asked the Secretary of State for Energy how much was spent in 1978 on research into nuclear energy and how much on research into alternative forms of energy, including solar, wave and wind power.
In the financial year 1978–79 the United Kingdom Atomic Energy Authority spent £131·9 million net on nuclear energy research and development, of which £l0·8 million net was for research into nuclear fusion and plasma physics. My Department's expenditure on research and development programmes on alternative forms of energy in this period was £2·4 million and this will rise to £6·9 million in 1979–80.
Is there not a huge disparity between the amount we are spending on research into nuclear energy and the amount spent on looking into alternative forms? Is there not a danger of our putting all our eggs into one nuclear basket? Ought not the Government to spend a lot more on research into alternative forms of energy, particularly in view of the doubts about the safety of nuclear reactors?
The differece between the two figures reflects two factors. The first is that the nuclear industry and its research programme have been in existence for 30 years, whereas the other programmes have existed for about six years. Secondly, the figures reflect the state of the art and the advice we have about where the best chance of a breakthrough in getting cheap sources of energy lies. The hon. Gentleman will have seen from my answer that we are planning to increase the amount spent.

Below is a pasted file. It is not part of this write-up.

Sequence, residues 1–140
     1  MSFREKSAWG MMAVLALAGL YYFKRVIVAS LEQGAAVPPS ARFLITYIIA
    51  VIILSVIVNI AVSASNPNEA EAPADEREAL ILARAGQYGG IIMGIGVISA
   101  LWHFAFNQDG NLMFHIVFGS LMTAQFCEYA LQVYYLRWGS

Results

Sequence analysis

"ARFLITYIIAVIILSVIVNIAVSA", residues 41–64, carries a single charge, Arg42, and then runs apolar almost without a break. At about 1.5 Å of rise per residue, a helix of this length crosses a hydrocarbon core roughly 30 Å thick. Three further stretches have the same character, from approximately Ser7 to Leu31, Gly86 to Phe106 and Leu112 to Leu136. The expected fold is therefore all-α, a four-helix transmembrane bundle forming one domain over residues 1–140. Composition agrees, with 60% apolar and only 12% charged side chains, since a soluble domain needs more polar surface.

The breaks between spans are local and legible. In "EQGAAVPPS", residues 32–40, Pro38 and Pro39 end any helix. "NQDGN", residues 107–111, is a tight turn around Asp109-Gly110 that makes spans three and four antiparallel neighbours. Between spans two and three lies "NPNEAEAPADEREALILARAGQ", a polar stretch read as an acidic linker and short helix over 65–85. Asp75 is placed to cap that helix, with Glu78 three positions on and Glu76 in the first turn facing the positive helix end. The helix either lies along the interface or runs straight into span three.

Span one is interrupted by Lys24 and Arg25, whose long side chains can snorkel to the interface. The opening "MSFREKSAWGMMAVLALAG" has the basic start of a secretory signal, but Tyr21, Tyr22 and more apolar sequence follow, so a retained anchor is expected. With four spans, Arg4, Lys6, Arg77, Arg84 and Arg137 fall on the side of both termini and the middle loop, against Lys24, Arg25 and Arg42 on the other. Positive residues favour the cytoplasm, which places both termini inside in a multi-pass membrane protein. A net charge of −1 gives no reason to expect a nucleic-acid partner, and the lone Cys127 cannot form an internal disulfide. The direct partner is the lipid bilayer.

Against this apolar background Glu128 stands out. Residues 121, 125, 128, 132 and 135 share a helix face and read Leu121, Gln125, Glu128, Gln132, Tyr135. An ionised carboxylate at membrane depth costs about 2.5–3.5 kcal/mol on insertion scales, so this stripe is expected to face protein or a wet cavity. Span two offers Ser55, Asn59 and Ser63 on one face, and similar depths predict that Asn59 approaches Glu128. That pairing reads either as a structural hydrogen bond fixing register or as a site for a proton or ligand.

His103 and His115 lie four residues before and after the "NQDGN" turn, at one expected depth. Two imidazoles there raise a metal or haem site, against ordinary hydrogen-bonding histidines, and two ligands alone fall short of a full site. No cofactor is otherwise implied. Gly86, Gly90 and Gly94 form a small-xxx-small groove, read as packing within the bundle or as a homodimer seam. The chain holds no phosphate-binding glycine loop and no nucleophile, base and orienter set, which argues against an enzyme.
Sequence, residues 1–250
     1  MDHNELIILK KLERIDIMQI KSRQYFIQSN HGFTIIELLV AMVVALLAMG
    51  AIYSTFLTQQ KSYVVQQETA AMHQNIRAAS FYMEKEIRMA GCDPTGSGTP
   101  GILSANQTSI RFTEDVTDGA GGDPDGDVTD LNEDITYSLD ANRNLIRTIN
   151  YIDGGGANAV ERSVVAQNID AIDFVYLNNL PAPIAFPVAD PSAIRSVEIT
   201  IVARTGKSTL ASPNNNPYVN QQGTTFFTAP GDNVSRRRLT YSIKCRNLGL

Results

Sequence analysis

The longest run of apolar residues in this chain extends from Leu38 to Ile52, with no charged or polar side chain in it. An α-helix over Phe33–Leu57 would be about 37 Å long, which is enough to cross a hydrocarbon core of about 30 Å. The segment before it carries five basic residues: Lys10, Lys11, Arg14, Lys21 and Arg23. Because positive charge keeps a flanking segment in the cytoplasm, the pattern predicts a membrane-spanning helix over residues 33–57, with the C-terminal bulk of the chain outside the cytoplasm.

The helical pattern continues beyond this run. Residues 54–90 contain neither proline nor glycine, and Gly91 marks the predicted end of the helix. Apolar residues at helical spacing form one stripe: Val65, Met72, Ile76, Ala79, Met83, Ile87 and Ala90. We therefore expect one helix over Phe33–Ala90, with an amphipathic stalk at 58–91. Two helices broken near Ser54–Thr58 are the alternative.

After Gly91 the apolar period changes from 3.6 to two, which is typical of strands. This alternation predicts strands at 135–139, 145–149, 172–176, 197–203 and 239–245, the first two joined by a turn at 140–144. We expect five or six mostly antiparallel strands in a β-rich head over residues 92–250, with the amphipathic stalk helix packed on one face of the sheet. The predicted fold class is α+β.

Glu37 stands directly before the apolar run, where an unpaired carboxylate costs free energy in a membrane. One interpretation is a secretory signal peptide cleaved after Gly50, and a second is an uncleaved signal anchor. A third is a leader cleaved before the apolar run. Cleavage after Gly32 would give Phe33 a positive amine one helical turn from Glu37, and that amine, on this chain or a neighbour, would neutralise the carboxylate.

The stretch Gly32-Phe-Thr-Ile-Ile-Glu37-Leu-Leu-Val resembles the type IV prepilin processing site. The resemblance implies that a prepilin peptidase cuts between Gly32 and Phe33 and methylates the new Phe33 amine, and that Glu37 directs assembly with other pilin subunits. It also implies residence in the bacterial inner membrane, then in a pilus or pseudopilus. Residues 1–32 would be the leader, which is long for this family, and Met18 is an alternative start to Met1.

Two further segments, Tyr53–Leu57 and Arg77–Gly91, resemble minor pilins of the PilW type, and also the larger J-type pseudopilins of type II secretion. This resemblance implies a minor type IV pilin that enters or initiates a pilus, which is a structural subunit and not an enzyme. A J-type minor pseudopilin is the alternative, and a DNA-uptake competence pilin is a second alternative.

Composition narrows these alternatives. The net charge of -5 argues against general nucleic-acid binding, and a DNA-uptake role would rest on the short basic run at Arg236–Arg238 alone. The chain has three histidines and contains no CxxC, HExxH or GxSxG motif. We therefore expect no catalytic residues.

I accept the validity of what my hon. Friend said, but will he give a firm inlication that when the commercial development stage of some of these alternative sources of energy is reached the Government will be prepared to back them as appropriate?
My hon. Friend is, of course, right that when these projects get either to the demonstration stage or near to the commercial stage greater sums of money will be called for, and obviously the Government will be willing to examine them. Several projects involving alternative sources of energy have reached the stage of early development, such as the deep bore hole in Hampshire. We are prepared to support projects that have reached that stage.
In the light of the pathetic result from throwing money into the AGR programme, which has given us one and a half power stations in 15 years, is it not time for a redirection of effort with money being spent on alternative sources of energy?
The AGR programme has also given us cheap electricity at a cost that compares with electricity from other sources, particularly coal. It is the CEGB's view that nuclear electricity is fully competitive.
Ought not the Minister to inform the House that he accepts that it would be unwise to scrimp the budget on alternative sources of energy in order to provide a larger budget on nuclear power, bearing in mind that money spent on research into alternative sources will ensure future renewable sources of energy?
Yes, but I have already pointed out that we are planning to increase the budget to a higher figure than that which the hon. Member for Midlothian (Mr. Eadie) supported when he was in Government.